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This sign at the entrance to Aviano Air Base isn’t referring to a musical instrument. Piano means “slow” in Italian, and base officials want those stationed in northeastern Italy to drive that way.
This sign at the entrance to Aviano Air Base isn’t referring to a musical instrument. Piano means “slow” in Italian, and base officials want those stationed in northeastern Italy to drive that way. (Kent Harris / S&S)

AVIANO AIR BASE, Italy — The 31st Fighter Wing commander believes there’s a big difference from being comfortable behind the wheel and being too comfortable.

So Brig. Gen. Robert Yates has decided that all airmen under his command — and their spouses — need to take annual written tests to keep Italian driving regulations fresh in their minds.

Yates said statistics kept by the wing indicate that newcomers and those who have been at Aviano for a few years have the highest percentage of accidents. As in other military communities in Italy such as Vicenza and Naples, newcomers have to pass tests to get their license to drive in Italy. But up until now, that’s the only time they’ve had to take the test.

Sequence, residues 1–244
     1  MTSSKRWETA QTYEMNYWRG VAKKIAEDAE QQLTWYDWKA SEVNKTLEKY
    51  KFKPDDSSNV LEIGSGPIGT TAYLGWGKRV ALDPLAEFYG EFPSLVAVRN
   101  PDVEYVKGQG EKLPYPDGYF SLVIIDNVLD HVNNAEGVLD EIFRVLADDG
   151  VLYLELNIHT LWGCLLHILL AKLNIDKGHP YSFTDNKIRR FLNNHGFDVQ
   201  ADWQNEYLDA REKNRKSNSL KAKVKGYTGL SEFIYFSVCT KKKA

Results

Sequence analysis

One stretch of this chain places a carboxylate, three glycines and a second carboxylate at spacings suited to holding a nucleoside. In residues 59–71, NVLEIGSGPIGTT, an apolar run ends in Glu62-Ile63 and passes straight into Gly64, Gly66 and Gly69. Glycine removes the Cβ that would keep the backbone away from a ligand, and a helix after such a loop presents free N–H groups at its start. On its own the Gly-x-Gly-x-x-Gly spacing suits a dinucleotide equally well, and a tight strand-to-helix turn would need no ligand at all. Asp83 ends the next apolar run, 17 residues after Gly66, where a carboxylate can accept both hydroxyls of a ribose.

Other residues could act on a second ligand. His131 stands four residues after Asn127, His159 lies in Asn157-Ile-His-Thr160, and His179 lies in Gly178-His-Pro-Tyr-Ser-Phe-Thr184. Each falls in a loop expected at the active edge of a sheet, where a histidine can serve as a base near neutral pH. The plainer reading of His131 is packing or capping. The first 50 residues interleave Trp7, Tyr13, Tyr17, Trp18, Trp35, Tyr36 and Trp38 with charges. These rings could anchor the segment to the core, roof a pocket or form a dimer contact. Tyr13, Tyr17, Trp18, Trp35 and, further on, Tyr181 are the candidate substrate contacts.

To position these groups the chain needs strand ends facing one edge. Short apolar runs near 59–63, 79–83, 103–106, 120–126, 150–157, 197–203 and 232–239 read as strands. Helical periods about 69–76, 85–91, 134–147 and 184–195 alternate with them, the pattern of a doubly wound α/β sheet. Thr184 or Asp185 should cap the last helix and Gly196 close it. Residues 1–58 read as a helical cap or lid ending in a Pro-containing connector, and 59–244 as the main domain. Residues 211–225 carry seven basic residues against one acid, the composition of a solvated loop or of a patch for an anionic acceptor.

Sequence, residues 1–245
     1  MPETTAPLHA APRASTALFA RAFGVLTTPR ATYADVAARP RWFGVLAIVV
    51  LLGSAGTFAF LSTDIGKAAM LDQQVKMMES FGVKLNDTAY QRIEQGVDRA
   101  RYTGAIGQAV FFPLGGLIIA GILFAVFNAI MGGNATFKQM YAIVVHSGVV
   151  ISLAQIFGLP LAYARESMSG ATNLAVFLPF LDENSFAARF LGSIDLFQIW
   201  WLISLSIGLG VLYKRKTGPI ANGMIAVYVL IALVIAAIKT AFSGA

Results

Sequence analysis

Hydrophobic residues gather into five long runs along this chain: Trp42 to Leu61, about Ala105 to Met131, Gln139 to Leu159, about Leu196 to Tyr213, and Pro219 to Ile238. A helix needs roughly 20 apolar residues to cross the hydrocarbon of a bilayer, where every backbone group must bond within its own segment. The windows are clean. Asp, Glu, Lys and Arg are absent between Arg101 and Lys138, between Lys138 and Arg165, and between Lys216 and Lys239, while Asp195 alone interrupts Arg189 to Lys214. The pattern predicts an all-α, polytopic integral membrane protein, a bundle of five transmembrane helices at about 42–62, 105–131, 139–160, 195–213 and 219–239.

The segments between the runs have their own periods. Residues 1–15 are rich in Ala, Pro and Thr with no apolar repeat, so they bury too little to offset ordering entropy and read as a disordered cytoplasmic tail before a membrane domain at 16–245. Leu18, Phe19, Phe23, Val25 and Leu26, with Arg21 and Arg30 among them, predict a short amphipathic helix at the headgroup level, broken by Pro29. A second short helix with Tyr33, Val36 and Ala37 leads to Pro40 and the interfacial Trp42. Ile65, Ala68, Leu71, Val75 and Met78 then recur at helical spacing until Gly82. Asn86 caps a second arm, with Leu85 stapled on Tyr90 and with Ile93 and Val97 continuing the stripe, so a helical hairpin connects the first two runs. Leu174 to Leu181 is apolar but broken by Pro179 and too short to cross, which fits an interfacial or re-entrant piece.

He said he believes that many of those who have been at Aviano for a while need to re-focus: “They get complacent or they kind of forget [the rules].”

Driving around Aviano can be challenging. The nearby SS-13 highway has been labeled one of the most dangerous in Italy. Narrow roads often bordered by buildings or ditches, a few regulations that differ from those in the States, and aggressive driving techniques practiced by Italians don’t help.

According to Tech. Sgt. Abraham Malit, noncommissioned officer in charge of ground safety, there were 157 major vehicle accidents involving Americans in the fiscal year that ended in September.

Since October, Americans have been involved in more than two dozen major accidents, ones that involve injuries or at least one vehicle can’t be driven away.

He said the number of minor accidents hasn’t been compiled, but that number has topped more than 700 a year since the wing stood up in Aviano in the mid-1990s.

“We have to do something,” Malit said. “Every morning, we look at the blotter and there are accidents.”

Yates, who has touted a “War Against Risk” in numerous speeches and AFN commercials, said the tests will be given at the squadron level.

A mix of mass briefings and smaller settings is expected. Those taking the tests won’t have to get a specific number of questions right. But the tests will be reviewed, with individuals getting the correct answers for the questions they got wrong.

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